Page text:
Today you’ll make the return trip to Lhasa (approximately 6-7 hours). You’ll drive on the same jaw-dropping road that you took a few days ago, allowing you to experience the incredible scenery of Yamdrok Lake and the Khamaba La Pass from every angle. There’ll be stops along the way for lunch and to get those last photos of the mountains. When you return to Lhasa, the rest of the day is free. Perhaps follow the pilgrim path around the Potala Palace or take photos of the busy scene from the main square. Spend your last Tibetan night here in Lhasa.

Farewell Tibet and catch a flight from Lhasa to Chengdu (approx 2 hours). It might be one of China's biggest cities, but Chengdu has preserved plenty of its traditional flavour. The capital of Sichuan Province is most famous for two things – the pandas living in the mountains and the cuisine. Its hot, spicy dishes are considered by the Chinese to be the best cuisine in the whole country. In such a food-loving country, this is no mean feat. Maybe sample a spicy Sichuan hotpot together this evening.

This morning visit the Giant Panda Breeding Research Base, where you're able to witness the conservation efforts being made to save this endearing endangered species. There are only around 1,000 pandas left in the world and 80% of them are found in the mountains in Sichuan. The facility was set up 30 years ago to help conserve this animal, and there are more than 80 giant and red pandas living at the base. The pandas have over 600 acres of parkland to live in, and you can get up close and learn more about these majestic creatures. Watch them play, eat bamboo and climb the trees. If you’re lucky enough you might even get to see newborns taking their first steps in the nursery (July–September). You’ll then return to Chengdu for a walking tour including the popular Renmin Park (People's Park) - a relaxing spot to spend a few hours, with interesting teahouses and areas full of locals exercising, singing, playing Mahjong or relaxing in their bamboo chairs drinking tea. Perhaps take in a performance of traditional Sichuan Opera, visit the Wenshu Temple, or take a cooking class if you have a few more days to spare here. There is certainly plenty to see and do! Enjoy an optional final night dinner with your group tonight.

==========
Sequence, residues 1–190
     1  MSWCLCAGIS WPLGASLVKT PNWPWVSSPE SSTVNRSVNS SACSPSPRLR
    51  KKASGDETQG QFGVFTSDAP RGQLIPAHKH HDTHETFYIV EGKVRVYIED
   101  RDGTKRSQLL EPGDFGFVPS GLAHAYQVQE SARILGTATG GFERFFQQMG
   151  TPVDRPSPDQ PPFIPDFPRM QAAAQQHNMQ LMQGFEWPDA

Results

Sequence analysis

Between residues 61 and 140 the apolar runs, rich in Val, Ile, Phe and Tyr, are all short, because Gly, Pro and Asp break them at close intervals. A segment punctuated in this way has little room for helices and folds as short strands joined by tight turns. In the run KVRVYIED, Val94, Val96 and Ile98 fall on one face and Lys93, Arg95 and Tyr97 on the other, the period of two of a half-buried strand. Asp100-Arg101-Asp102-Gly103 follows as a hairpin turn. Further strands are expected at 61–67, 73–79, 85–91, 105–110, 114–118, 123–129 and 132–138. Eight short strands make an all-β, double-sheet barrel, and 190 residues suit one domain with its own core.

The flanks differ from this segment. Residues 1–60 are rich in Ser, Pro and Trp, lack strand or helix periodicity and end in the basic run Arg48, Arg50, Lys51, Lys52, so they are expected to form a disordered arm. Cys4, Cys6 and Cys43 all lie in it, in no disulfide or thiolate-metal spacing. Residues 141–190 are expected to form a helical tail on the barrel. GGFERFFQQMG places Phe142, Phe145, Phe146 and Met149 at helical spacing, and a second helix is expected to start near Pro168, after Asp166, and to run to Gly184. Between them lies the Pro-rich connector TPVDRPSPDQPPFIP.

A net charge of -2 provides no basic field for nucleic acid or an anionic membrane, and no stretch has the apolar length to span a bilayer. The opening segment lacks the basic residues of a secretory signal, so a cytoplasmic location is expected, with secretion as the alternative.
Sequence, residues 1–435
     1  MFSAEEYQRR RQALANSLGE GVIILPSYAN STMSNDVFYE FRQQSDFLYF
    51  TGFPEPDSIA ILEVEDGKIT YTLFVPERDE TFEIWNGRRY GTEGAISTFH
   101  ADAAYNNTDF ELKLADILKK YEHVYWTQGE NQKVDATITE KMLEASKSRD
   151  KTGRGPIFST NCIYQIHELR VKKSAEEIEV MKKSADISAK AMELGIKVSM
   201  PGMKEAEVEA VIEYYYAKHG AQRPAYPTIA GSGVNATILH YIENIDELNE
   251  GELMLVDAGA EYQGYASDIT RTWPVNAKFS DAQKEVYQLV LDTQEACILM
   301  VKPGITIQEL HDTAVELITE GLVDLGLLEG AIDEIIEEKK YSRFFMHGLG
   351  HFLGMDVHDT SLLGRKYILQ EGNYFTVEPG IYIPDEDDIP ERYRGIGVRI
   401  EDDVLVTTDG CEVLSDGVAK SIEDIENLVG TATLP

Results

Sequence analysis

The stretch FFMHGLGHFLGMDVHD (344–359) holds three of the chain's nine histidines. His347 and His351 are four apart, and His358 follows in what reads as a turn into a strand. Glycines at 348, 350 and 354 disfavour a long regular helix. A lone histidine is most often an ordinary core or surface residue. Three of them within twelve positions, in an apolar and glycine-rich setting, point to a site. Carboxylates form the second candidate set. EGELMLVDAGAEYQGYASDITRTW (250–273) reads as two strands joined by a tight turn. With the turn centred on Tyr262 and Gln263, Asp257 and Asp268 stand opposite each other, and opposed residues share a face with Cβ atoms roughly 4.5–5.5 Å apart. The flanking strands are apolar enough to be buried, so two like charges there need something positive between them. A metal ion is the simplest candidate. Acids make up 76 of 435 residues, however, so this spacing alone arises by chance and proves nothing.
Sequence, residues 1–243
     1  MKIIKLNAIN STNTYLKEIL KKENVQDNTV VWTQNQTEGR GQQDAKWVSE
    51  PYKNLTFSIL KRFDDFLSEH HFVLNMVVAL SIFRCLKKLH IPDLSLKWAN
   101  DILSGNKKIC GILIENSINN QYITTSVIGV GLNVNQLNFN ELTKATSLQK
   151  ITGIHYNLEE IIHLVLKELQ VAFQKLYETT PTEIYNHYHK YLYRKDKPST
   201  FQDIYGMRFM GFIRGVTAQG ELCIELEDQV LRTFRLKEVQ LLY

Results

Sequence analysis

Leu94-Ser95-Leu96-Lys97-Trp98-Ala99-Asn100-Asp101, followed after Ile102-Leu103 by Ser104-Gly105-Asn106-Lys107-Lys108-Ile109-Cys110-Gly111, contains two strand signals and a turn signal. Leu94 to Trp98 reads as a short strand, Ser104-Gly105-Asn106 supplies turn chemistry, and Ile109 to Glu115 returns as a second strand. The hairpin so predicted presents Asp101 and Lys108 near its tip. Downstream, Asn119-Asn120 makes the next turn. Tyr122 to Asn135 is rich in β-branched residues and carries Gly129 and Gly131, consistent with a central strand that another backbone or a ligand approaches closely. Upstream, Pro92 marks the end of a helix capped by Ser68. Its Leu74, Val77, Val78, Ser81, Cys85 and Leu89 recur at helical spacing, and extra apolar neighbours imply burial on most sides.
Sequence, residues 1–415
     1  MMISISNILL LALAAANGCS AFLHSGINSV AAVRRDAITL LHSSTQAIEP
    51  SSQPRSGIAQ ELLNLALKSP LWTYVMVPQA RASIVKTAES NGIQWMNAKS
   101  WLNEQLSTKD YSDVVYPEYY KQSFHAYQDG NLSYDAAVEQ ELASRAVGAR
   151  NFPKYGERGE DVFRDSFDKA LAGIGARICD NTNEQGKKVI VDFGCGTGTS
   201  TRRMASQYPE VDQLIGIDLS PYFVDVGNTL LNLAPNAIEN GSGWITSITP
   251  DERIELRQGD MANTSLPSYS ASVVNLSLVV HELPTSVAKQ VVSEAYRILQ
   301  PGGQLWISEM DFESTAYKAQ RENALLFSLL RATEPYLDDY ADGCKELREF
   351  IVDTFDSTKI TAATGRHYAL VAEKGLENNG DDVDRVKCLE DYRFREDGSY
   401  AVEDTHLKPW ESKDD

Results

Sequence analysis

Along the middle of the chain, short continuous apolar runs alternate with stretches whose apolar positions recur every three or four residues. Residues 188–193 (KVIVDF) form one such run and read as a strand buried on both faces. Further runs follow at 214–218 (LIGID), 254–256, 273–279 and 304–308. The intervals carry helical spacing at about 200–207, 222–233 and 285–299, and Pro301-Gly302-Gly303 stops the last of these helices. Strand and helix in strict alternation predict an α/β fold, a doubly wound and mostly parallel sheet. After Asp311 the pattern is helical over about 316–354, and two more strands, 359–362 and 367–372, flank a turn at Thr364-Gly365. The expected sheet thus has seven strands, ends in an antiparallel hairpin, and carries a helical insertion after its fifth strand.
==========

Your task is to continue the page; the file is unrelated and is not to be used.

Your adventure comes to an end today. There are no activities planned for the final day and you are able to depart the accommodation at any time.

Inclusion

  • All transportations as per the itinerary
  • All necessary Tibet Travel permit
  • Chinese Visa
  • Kathmandu to Lhasa flight fare
  • Accommodation in Twin sharing basis
  • All fees for sightseeing and monuments as per the itinerary
  • English Speaking Guide throughout the trip
  • Daily breakfast
  • All government taxes and service charge
    • Nepal Visa
    • Meals other than breakfast
    • Travel Insurance
    • All the personal nature expenses
    • Tips for guide and driver